Planning is back in the headlines as the government seeks views on England-wide changes to the planning system to solve the nation’s housing crisis. Specifically, the government has issued a re-draft National Planning Policy Framework (NPPF), as well as suggestions about how to amend the developer contributions regime.

Readers with long memories will recall that the current version of the NPPF was published in 2012 as part of the “bonfire of regulations” brought in by the coalition government. It introduced the “presumption in favour of sustainable development”, a concept that has been the subject of much debate since.

The current NPPF emerged against a background of alarming stories in the press suggesting it marked the end of the Green Belt (which, obviously, it didn’t). So far, the headlines on its replacement have been somewhat negative and largely government generated, suggesting that the two main (seemingly slightly contradictory) problems with the planning system are:

  • Some local authorities (“NIMBY authorities”) are preventing development and
  • Housebuilders not building enough houses.

However, in any event there is not a great deal in terms of answers to either in the consultation documents. As to the latter point, the government has announced that Oliver Letwin will be carrying out an independent review before any measures are decided upon.

The draft National Planning Policy Framework (NPPF)

The document runs to 70 pages which is slightly longer than its predecessor and at first glance much is familiar, for example the various aspects (formerly “roles”) of sustainable development (economic, social and environmental). The presumption in favour of sustainable development is also intact, albeit with a small but potentially important change (see below).

However, there are many changes (some hidden in the footnotes), and some headlines are highlighted here:

  • In terms of the presumption in favour of sustainable development and the “tilted balance” to be applied, the draft refers to policies which are the “most important for determining the application” being out of date and a related footnote clarifies that other Local Plan policies cannot be applied under the aegis of the NPPF policies. If the NPPF is adopted as drafted, the implications of this seemingly minor change will be the subject of considerable debate at appeal and potentially in the High Court.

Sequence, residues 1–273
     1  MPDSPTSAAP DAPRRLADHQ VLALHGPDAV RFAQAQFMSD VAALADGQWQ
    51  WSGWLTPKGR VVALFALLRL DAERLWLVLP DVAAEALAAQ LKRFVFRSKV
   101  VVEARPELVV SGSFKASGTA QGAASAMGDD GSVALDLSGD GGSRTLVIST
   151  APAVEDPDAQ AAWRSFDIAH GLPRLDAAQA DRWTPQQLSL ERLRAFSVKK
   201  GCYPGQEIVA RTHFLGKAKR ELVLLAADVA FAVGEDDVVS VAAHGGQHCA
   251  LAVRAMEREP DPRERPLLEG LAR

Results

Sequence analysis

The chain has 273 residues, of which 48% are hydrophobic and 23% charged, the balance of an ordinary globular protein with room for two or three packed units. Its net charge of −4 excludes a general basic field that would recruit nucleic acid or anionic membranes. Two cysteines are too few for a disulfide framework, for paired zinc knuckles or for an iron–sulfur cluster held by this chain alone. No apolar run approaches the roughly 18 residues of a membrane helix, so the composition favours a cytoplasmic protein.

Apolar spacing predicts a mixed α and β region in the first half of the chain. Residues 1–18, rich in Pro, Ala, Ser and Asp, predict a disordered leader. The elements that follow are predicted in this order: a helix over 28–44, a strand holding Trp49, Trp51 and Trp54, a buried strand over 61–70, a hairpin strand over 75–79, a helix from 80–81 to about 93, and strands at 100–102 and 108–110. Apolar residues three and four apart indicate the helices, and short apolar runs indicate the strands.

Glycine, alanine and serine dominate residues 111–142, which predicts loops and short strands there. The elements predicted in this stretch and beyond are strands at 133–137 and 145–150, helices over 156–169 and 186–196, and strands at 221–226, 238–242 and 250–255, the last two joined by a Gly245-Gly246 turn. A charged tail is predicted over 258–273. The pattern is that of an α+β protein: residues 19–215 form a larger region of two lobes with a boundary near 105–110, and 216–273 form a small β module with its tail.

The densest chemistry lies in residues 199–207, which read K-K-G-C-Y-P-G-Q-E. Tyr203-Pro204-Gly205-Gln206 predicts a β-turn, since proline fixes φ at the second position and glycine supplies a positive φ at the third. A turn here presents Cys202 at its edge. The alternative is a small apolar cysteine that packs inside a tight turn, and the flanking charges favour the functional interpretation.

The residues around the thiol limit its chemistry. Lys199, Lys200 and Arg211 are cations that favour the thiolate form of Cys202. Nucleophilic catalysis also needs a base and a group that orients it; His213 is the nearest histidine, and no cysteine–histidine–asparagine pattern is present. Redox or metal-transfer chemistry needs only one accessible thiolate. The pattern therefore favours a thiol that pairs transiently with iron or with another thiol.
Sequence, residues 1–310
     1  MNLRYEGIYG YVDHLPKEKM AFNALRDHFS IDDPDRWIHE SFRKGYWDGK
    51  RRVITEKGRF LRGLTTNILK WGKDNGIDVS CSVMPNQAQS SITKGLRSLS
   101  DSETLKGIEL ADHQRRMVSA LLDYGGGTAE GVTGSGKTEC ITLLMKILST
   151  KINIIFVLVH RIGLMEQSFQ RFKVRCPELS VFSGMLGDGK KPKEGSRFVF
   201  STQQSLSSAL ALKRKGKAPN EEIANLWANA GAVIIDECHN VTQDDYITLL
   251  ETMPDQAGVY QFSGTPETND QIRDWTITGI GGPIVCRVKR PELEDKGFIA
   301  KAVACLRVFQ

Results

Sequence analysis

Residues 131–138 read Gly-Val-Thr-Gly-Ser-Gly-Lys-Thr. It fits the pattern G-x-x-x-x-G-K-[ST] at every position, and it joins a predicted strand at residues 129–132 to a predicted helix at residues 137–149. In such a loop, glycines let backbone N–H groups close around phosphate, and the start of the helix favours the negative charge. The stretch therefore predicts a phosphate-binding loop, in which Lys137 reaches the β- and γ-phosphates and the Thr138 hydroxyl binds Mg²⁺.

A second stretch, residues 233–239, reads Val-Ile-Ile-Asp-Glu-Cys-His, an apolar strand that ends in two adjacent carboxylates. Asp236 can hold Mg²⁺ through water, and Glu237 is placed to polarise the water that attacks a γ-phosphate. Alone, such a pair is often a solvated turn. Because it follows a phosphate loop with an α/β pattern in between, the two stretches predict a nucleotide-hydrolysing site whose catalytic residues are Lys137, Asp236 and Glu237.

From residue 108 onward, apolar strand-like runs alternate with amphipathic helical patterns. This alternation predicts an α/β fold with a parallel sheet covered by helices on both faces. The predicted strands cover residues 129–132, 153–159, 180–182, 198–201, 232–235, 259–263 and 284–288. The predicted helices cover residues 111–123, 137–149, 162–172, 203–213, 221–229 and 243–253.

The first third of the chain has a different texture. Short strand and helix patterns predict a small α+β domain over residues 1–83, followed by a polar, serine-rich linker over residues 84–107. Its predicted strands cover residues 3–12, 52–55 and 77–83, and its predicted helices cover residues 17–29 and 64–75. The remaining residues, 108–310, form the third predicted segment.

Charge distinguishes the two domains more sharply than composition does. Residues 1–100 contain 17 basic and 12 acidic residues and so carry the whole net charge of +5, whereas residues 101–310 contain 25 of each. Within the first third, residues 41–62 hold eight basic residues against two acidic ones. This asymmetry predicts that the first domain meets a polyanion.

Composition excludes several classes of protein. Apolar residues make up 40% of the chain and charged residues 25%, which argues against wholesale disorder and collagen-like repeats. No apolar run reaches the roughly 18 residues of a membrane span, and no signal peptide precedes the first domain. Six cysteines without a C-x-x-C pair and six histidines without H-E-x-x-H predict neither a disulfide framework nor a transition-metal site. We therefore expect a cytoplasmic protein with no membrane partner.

• The draft reflects the nationwide method of calculating housing need currently being promoted by the government, albeit leaving other methods open in “exceptional circumstances”. Another important change is formalising the principle that, in preparing local plans, under certain circumstances local authorities do not have to meet all their housing need.
  • Joining the benchmark of the five year housing land supply in expressly triggering the presumption in favour of sustainable development is a “Housing Delivery Test”, a benchmark of actual housing delivery against need.
  • In terms of “encouraging” developers to bring forward consented schemes earlier, the draft makes allowance for local authorities to prescribe shorter time periods for implementing development than the current standard three years.
  • The draft allows for the redevelopment of brownfield sites in the Green Belt that has a greater impact than existing development, if it contributes to meeting local affordable housing need and the harm is not “substantial”. This marks, potentially, one of the largest changes to national Green Belt policies for many years.
  • In terms of planning obligations, the focus is on bringing viability forward as much as possible to the local policy process and for local plans to set percentages of affordable housing and define other obligations. However, there is still allowance for viability to be taken into account at planning application stage – more details below.

In summary, the draft looks more like an incremental change than a “root and branch” review, albeit some of the changes could have significant implications for development if adopted, as ever time will tell.

Consultation on planning obligations

The Government clearly has planning obligations in its sights and beyond the front-loading principle described in the draft NPPF, a number of potential changes to the current system have been proposed, not least:

  • Reintroducing “pooling” of s.106 contributions, under certain circumstances
  • Ensuring that the viability process is undertaken on an open book basis in all cases
  • The ability to link Community Infrastructure Levy (CIL) rates to the existing use of land (at present it only relates to the proposed use of the land)
  • Bringing indexing closer to inflation
  • Introducing another acronym, a Strategic Infrastructure Tariff (SIT) is proposed, which would effectively be a CIL regime across local authority borders.

Some of these changes will be unpopular with developers, in particular the reintroduction of contribution pooling, an erstwhile feature of the town planning system that CIL was supposed to replace.

However, there may be potential benefits derived from the front-loading process when developers are bidding for sites (particularly those that have been allocated), as it might provide greater transparency relative to the local authority’s position on planning obligations at the outset.

Comments on the drafts can be made until 10 May 2018. If you would like to discuss the documents and their potential implications on your business, or would like us to help getting your views across to the Government, please contact one of our nationwide team.

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More Information: Town Planning